Philosophy 132: Epistemology
Where: WLH 2112
When: TuTh 2-3:20
Instructor: Jonathan Cohen
email: joncohen AT aardvark DOT ucsd DOT edu
office phone: (858) 534 6812
Office hours: Tu 10-11:30 and by appointment, in H&SS 8072.
This is a course in recent and contemporary approaches to the theory
We'll be looking at some of the major debates in epistemology,
including those over the structure of knowledge, the proper analysis
of knowledge, justification, and related notions, as well as some
meta-epistemological issues that have arisen in recent discussions of
so-called naturalized epistemology.
The course will not presuppose any exposure to the relevant
literatures, and will be a broad overview of some of the going
accounts and controversies.
There will be two assigned papers for the course, and a take home
There will be no midterm.
In grading I will assign equal weight to each of the two papers and
the take home exam.
In addition, I'll increase your total grade by 1/3 of a letter grade
if you come to office hours twice during the quarter to raise and talk
about specific issues related to the course that interest you.
I'll use class participation as a way of deciding between borderline
Violations of academic integrity will not be tolerated in this
course; violators will receive an F on at least the relevant
assignment and possibly the course, and will be subjected to UCSD's
disciplinary procedures (which could result in penalties including
permanent explusion from the university).
You are responsible for knowing and adhering to the UCSD
Policy on Integrity in all respects.
In particular, you may not cause or allow your work for this course to
resemble that of any other person, and all use of the ideas or words
of anyone other than a paper's author must be acknowledged properly.
I don't care a huge amount about specific citation formats; I do care
a huge amount that sources are acknowledged.
As far as collaboration goes, it's fine (it's encouraged) to talk
about the philosophical issues with other students or anyone
else you like; but when it is time to write up an essay you should do
so entirely by yourself.
If you have any questions about the Policy on Integrity or how to
follow it (e.g., if you are unsure how to cite ideas from other
sources) please ask me!
I am very happy to help prevent real or apparent violations of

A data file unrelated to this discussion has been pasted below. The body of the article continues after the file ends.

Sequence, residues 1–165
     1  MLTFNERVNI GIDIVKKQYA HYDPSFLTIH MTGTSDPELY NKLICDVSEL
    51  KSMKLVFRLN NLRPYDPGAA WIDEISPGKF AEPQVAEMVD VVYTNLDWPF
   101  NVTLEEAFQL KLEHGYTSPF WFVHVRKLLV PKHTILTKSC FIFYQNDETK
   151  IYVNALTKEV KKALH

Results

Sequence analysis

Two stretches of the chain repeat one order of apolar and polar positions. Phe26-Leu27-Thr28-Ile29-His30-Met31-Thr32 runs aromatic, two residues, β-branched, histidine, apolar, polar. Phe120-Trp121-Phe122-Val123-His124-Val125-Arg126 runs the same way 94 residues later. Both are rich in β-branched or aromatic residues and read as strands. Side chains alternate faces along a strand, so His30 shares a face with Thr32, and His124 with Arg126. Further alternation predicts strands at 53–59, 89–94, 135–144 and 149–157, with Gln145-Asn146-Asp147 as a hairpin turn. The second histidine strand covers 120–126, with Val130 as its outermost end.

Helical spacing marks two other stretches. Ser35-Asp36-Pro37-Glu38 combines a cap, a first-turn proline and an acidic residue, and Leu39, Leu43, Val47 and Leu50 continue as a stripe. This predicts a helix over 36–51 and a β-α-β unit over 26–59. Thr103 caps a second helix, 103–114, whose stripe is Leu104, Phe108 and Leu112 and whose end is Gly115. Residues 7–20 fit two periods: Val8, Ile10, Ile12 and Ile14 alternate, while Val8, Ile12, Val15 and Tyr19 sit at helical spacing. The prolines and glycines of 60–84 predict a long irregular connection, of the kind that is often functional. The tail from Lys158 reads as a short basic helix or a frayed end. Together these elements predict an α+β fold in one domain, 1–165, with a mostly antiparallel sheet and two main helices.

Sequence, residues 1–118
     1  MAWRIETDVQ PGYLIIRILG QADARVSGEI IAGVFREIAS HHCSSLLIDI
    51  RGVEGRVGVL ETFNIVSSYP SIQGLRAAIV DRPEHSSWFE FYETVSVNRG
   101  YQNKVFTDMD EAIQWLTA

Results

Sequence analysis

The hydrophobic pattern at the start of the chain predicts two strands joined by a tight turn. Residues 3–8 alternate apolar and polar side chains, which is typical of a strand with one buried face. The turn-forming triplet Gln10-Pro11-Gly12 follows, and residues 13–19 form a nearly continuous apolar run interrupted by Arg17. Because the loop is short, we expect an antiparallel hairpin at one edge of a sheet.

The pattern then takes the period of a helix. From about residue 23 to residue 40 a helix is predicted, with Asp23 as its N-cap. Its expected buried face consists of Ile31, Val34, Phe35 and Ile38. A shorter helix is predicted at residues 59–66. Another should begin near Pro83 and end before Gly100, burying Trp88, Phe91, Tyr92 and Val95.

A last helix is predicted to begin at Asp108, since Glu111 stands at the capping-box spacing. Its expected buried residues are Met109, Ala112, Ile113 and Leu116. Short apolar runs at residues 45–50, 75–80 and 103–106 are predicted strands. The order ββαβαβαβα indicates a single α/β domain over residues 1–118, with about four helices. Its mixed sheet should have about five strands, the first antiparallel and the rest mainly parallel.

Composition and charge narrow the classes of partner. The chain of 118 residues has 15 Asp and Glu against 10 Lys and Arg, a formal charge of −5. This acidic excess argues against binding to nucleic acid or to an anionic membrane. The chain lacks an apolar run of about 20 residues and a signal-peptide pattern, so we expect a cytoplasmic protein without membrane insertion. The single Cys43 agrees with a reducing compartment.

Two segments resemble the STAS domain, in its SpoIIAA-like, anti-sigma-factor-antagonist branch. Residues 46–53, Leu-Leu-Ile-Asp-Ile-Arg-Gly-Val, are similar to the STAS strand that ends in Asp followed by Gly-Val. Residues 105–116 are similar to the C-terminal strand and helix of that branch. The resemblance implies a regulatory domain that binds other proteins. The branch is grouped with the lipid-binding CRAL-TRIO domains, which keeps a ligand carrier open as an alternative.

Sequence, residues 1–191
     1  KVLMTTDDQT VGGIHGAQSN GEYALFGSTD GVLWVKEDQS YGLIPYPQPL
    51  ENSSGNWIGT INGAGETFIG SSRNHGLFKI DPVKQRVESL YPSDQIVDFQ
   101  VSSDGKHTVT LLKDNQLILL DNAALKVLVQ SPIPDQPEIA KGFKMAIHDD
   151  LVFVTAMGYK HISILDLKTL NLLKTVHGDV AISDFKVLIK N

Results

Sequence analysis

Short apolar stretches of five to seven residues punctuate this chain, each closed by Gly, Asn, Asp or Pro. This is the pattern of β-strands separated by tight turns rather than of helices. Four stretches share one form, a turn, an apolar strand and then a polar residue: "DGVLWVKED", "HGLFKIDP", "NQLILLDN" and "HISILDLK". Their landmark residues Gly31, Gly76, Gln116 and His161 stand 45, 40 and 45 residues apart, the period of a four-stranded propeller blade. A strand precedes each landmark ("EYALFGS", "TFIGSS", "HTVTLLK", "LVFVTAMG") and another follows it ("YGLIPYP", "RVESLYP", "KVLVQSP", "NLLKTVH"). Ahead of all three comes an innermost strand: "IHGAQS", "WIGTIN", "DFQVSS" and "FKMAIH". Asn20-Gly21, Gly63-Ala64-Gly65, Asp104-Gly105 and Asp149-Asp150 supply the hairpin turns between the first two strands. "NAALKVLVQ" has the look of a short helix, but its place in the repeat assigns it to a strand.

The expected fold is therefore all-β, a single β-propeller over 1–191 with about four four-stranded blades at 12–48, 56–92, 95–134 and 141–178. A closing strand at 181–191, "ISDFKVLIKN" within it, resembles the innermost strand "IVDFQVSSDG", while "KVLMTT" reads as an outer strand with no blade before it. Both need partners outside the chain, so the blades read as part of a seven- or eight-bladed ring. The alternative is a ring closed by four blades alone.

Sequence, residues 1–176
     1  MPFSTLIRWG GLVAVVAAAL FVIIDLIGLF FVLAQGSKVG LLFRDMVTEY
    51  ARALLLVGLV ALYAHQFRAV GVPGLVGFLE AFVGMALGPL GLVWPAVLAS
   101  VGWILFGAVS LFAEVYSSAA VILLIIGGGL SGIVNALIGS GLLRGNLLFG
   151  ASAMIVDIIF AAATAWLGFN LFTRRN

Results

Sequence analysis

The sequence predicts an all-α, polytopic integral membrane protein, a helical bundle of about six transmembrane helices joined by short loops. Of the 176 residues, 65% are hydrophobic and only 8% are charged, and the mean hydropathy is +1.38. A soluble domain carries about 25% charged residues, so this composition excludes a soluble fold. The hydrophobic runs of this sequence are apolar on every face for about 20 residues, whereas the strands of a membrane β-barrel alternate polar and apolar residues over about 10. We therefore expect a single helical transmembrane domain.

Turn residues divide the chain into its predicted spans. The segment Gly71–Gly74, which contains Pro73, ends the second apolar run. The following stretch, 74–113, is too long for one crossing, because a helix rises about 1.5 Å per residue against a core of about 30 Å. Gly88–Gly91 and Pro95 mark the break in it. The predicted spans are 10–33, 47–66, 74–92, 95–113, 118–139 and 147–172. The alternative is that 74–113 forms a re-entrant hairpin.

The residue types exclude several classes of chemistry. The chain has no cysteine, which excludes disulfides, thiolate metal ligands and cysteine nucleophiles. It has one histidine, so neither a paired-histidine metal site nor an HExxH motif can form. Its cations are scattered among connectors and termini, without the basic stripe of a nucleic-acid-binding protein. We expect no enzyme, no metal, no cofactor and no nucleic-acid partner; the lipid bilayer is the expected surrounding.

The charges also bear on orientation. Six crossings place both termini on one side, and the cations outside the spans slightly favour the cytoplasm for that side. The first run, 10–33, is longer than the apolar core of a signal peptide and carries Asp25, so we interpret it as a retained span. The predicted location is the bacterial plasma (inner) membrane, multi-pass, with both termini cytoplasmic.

academic integrity before they occur, and very unhappy to discover
that they have occured.
(As you may have noticed, I feel very strongly about this issue.)
To ensure standards of academic integrity are met, I'll
ask you, as a condition on taking this course, to run all of your
assigned work for the course through Turnitin.com,
which checks your paper for textual similarity to all of the other
papers in its databases.
(Your submitted papers will also be included as source documents in
the Turnitin.com reference database, solely for the purpose of
detecting plagiarism, going forward.)
To get started with the system, please see the instructions at
You'll need the class name (Epistemology, Winter 2015), class ID
(9110947), and enrollment password (knowledge).
We won't be using a textbook/anthology for the course.
Instead, all readings will be made available by electronic
reserve at Geisel Library.
Note that you will need a password (jc132) to access this material.
This schedule is tentative in both its content and its timing; I reserve
the right to add, subtract, or reschedule items as the course
(In particular, I am skeptical that we'll have time for segment 6 at
all; but we can try!)
Segment 1: Skepticism
- René Descartes, Meditations I-II
- G. E. Moore, "Proof of an External World"
- G. E. Moore, "Certainty"
- Peter Unger, "An Argument for Skepticism"
Segment 2: The Analysis of Knowledge
Segment 3: Foundations and Coherence
- Roderick Chisholm, "The Myth of the Given"
- Wilfrid Sellars, "Does Empirical Knowledge Have a Foundation?"
- Donald Davidson, "A Coherence Theory of Truth and Knowledge"
- Susan Haack, "A Foundherentist Theory of Empirical Justification"
- Ernest Sosa, "The Raft and the Pyramid" (skip appendix)
Segment 4: Reliabilism and Externalism
Segment 5: Epistemological Naturalism
Segment 6: Contextualism
- Keith DeRose, "Solving the Skeptical Problem"
- David Lewis, "Elusive Knowledge"
- Stephen Schiffer, "Contextualist Solutions to Skepticism"